Mortillery - "Murder Death Kill" (CD)
"Murder Death Kill" track listing:
1. Murder Death Kill (5:44)
2. Sacrifice (4:18)
3. Evil Remains (2:38)
4. Fritzls Cellar (3:36)
5. Outbreak (4:43)
6. Despised By Blood (3:47)
7. Countless Suicide (3:55)
8. Voracious Undead (5:39)
9. Without Weapons (3:52)
10. Mortal Artillery (4:00)
Reviewed by heavytothebone2 on July 27, 2012
Up-and-coming thrash bands have been looking to the past for inspiration in their music, and Mortillery is no different with their debut “Murder Death Kill.” This retro thrash shilled out by Mortillery doesn’t resonate with the same level of craftsmanship and sloppy energy of the classic thrash artists, though the band does put its best impression forward. Attention will be given to the female vocalist fronting the band as something fresh and exciting, but the vocals are supported by standard riffs and a few nifty solos.
Yes, there is a female singing on this album. Better to get this out of the way first, as most reading the previous paragraph will probably want more details. Cara McCutchen is apt at forceful barking and screaming her lungs into bloody messes, but the biggest shocker is how decent her clean vocals are. They don’t come often, but when they do, she proves that carrying a tune is not an issue. Her vocals are as innovative as “Murder Death Kill” gets.
If the title of the album wasn’t enough of an indication of what to expect, you haven’t been listening to thrash for very long. There’s some murdering going on, a little death by various weapons, and killing with malice, all performed by the gleeful sickos in Mortillery. To satisfy their violent tendencies, the band relies on the safe havens of crunchy riffs and too-fast-for-comfort tempos. They don’t mess around too much with anything outside of the thrash standards set decades ago, which may satisfy those who gag at the mention of “melody” or “clean guitars.”
“Murder Death Kill” does have a lot going for it, at least on the initial listen. The 10 songs are weighed upon the very ideals thrash has been known for; mainly, ransacking and bludgeoning anything that could be construed as appealing to the masses. The title track is a bitch-slap of nails to the groin in its ferocity, and serves as a treat for those who initially doubt Mortillery based on the whole “female vocalist” mantra. The band knows how to dish out the thrash with the top new bands coming out of Canada, like Untimely Demise.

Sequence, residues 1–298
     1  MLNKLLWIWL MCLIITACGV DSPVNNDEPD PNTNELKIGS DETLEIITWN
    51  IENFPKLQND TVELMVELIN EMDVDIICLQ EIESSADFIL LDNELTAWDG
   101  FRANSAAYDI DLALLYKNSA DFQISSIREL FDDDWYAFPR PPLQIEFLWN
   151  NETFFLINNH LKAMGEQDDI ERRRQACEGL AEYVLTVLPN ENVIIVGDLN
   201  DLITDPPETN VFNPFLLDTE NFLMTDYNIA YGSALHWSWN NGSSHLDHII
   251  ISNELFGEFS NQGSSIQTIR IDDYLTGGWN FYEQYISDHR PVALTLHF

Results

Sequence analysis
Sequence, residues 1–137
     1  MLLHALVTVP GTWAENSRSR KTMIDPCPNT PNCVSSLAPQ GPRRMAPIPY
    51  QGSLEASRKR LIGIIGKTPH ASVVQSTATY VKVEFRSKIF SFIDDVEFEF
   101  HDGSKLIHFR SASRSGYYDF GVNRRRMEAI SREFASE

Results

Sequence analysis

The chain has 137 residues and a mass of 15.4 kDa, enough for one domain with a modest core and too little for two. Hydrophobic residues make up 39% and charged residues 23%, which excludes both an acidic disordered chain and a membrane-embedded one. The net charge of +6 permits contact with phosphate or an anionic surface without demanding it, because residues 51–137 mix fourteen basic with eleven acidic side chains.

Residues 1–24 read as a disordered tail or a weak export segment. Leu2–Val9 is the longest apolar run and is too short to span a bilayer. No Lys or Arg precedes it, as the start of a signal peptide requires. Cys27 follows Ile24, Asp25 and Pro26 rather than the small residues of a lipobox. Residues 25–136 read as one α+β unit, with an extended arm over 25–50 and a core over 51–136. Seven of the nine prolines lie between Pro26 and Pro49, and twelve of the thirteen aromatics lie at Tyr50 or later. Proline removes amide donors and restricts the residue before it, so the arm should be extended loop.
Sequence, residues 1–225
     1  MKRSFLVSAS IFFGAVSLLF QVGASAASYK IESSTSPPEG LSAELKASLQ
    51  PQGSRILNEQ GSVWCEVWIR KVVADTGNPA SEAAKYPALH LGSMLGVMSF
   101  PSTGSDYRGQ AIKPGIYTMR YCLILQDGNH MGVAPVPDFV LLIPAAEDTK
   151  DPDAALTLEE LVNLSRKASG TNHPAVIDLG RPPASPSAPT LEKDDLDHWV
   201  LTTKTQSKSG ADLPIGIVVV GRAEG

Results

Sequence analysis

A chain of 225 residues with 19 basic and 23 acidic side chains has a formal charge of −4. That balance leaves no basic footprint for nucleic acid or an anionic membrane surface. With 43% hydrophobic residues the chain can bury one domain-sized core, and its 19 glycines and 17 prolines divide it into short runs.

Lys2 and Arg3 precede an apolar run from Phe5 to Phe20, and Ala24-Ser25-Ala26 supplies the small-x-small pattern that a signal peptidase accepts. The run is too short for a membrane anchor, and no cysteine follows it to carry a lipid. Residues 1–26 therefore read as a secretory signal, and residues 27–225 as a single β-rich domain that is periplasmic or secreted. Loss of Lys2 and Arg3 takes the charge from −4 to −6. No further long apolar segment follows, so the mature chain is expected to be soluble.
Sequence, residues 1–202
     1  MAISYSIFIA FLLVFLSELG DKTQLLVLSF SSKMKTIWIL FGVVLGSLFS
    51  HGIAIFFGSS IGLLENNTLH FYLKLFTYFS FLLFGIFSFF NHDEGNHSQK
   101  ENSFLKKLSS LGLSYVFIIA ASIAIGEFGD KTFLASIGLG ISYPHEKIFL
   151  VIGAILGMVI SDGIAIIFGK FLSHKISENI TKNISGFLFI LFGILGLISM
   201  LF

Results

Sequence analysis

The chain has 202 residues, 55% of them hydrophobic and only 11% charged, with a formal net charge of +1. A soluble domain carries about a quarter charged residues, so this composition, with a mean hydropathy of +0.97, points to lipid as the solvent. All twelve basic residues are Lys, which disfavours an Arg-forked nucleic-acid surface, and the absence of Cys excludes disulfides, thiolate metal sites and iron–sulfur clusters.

Mortillery’s songwriting is infectious to a degree, whether the listener wants to be sucked into it or not. “Sacrifice” and “Evil Remains” have those sing-along choruses that shouldn’t be sung to, but after a dozen listens, it’s hard to avoid. What’s also difficult to not notice is the barrage of guitar solos that dominate the album, which are in the same vein as most thrash solos; lots of shredding and the occasional crafty pieces. No one particular solo stands out, which is pretty much how “Murder Death Kill” conducts its business.
Unless you are a newbie to thrash metal, “Murder Death Kill” is interchangeable with the rest of the thrash pack. Having female vocals is about as far-reaching as Mortillery gets, as the music and lyrics are all themes that have been implanted in the genre since the early ‘80s. Every song has a similar style, which makes the second half of the album not as eventful as the first few songs. “Murder Death Kill” is not a throwaway debut, but it’s also not something that will scorch the genre in a way that bands like Metallica and Kreator did with their first albums.
Highs: Female vocals are something different from most thrash bands, killer solos, strong first half
Lows: Album sputters in the second half, not many stand-out songs, standard fare for the genre
Bottom line: "Murder Death Kill" isn't a complete wash, but their thrash sound has been dished out for decades now, and Mortillery does little to break from the pack.
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